Memorable Manitobans: Joan Pollock Graham Birdwood [Baroness Birdwood] (1913-2000)
Born at Winnipeg on 18 May 1913, daughter of Christopher Norman Graham and Ada Ruth Pollock, In the early 1920s her family moved to Yorkshire, England. Her father, a Scottish aristocrat and performer, likely influenced her interest in the music industry and politics. She worked at the Royal Opera House and for the armed services entertainment group ENSA. In 1947, she joined the Red Cross and served as secretary to Lieutenant Colonel the Honorable Christopher Birdwood, the only son of an English Field Marshal. In 1953, Birdwood’s wife filed for divorce citing his long-standing affair with Jane Graham as the cause.
The new Lady Birdwood was known as a maverick and her sense of style, especially with eyeglasses, was noted by her receiving a national award as “Spectacle Wearer of the Year.” She shared a distaste for communism with Lord Birdwood, and this passion manifested itself in an extremism after her husband’s death in 1962. She launched Choice, a right-wing newspaper that, in 1977, called for the removal of non-white people from Britain.
Lady Birdwood’s racist views, antisemitism, and support for apartheid in South Africa were so repellent that Lord Birdwood’s family took out a full-page advertisement in the national press disassociating the family from her views. Attempts to enter mainstream politics failed, and in 1991 Lady Birdwood was tried and found guilty of ten counts of inciting racial hatred.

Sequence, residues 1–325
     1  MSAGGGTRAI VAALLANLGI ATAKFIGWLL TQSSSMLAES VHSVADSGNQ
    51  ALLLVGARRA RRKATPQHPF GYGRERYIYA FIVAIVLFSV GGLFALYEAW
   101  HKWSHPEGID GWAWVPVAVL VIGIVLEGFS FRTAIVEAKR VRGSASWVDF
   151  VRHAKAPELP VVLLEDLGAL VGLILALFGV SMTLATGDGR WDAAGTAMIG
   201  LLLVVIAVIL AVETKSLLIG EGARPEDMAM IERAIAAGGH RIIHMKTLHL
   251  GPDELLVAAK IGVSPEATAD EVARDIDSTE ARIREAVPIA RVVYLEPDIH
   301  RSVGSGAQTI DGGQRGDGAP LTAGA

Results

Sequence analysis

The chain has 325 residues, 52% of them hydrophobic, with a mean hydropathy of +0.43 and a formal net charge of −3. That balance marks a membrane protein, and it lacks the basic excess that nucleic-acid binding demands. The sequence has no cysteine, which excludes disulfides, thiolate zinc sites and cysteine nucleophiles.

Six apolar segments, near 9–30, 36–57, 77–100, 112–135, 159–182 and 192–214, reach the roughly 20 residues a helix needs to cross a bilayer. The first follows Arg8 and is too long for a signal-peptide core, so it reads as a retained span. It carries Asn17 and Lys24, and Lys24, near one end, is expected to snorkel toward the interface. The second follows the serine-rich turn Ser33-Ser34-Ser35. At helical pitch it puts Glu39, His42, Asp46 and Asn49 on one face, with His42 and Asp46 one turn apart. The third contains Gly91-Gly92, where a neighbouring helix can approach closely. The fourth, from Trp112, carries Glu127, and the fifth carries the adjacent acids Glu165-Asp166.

She died on 28 June 2000. Her Times obituary recalled Birdwood as a “controversial and contradictory figure whose extreme views on race, politics, and public morality were strangely at odds with the gentle and sympathetic personality admired by her friends.”
Birth registration, Manitoba Vital Statistics.
“The dowager Lady Birdwood,” The Guardian, 30 June 2000.
“A very English extremist,” Searchlight Magazine, December 2004.
This page was prepared by James Kostuchuk.
Page revised: 11 December 2020